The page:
In 2018, a teenager killed 20 people at his vocational school before killing himself in Kerch, a city in the Russian-annexed peninsula of Crimea. In the wake of that attack, Putin also ordered authorities to tighten control over gun ownership. But most of the proposed measures were turned down by the parliament or the government.

Russian lawmaker Alexander Khinshtein said on Telegram that the suspect in the Kazan attack received a permit for a shotgun less than two weeks ago and that the school had no security aside from a panic button. Authorities did not specify what kind of gun the attacker used.

Officials in Kazan said the school had a doorperson for security during day time, and she was the one who hit the panic button, alerting law enforcement about the attack.

Russian officials promised to pay families of those killed 1 million rubles (roughly $13,500) each and said that the payments will be wired by the end of day Wednesday.

Kremlin-imposed cuts at U.S. Embassy leave thousands adrift

Kremlin-imposed cuts at U.S. Embassy leave thousands adrift

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The U.S. Embassy and the National flag are seen in Moscow, Russia, Tuesday, May 11, 2021. Under Kremlin orders, the U.S. Embassy has stopped employing Russians, leaving Russian businessmen, lovers and exchange students adrift because they can’t get visas and … more >

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By Daniel Kozin and Jim Heintz

Associated Press

Wednesday, May 12, 2021

MOSCOW (AP) — Under Kremlin orders, the U.S. Embassy has stopped employing Russians, forcing the embassy to cut its consular staff by 75% and limit many of its services.

The order went into effect on Wednesday, bringing the sharply deteriorating U.S.-Russia relationship to an intensely personal level.

Because of the cuts, the embassy can offer only very limited services, such as considering “life-and-death” visa applications. That leaves Russian businessmen, exchange students and romantic partners adrift because they won’t be able to obtain visas. Even Americans will be unable to register their newborns or renew their passports.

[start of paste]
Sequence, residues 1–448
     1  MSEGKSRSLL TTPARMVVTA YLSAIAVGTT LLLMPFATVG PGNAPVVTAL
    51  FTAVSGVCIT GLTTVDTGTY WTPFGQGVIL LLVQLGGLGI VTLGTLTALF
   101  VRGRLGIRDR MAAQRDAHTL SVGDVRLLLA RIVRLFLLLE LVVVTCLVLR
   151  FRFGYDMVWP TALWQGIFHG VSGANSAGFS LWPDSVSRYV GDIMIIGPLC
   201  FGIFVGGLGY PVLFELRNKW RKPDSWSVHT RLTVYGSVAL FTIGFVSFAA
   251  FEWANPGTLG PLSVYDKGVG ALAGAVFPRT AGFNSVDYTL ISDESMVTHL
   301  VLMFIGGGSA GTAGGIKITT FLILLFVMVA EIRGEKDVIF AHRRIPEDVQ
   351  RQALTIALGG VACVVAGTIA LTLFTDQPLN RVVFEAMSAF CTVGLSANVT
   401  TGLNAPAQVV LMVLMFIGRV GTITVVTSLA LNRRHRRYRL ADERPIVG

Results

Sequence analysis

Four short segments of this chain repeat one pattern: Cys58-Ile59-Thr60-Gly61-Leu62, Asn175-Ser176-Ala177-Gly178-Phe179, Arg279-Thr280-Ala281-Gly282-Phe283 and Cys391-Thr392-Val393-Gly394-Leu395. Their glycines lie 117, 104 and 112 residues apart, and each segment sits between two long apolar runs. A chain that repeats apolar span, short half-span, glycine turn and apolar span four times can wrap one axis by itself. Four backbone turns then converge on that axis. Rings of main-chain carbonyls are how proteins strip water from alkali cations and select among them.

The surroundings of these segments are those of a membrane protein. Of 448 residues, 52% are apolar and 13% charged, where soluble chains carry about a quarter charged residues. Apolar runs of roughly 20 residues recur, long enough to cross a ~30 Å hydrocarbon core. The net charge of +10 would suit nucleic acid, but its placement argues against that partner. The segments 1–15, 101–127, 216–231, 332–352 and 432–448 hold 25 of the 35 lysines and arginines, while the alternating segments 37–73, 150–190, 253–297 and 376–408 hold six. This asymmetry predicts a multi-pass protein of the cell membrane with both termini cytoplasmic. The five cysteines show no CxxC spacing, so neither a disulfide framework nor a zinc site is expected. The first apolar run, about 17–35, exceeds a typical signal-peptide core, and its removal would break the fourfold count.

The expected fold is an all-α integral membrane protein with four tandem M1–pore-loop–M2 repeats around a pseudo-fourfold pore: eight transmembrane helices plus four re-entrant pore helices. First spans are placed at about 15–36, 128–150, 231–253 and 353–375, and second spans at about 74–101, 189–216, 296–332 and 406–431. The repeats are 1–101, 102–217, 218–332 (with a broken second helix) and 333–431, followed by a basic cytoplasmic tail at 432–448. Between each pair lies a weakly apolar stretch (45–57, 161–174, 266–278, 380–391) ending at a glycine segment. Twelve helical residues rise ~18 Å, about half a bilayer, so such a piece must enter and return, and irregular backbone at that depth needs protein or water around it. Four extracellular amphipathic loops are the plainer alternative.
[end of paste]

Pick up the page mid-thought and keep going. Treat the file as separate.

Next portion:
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For Anastasia Kuznetsova, a 20-year-old engaged to marry a Californian, it’s a crushing blow. She had already spent about two years seeking a fiancee’s visa. The notoriously laborious process for Russians to get U.S. visas had already been slowed by COVID-19.

“I felt destroyed, much more depressed than I was before,” said Kuznetsova, who last saw her fiance in January on a trip to Mexico. “We have no idea when it’s going to continue working and if we will be able to see each other even during these years.”

Thomas H. V. Anthony, an American living in Russia, was already frustrated because of a delay in registering the birth of his daughter, a record of the child’s claim to U.S. citizenship.

“My expectation was as things get better with the situation with the pandemic, gradually the consulate would open more and more and more,” he said. “It was a big shock to suddenly get an email from them, about two weeks ago, saying effective on the 11th we will no longer be offering any consular services.”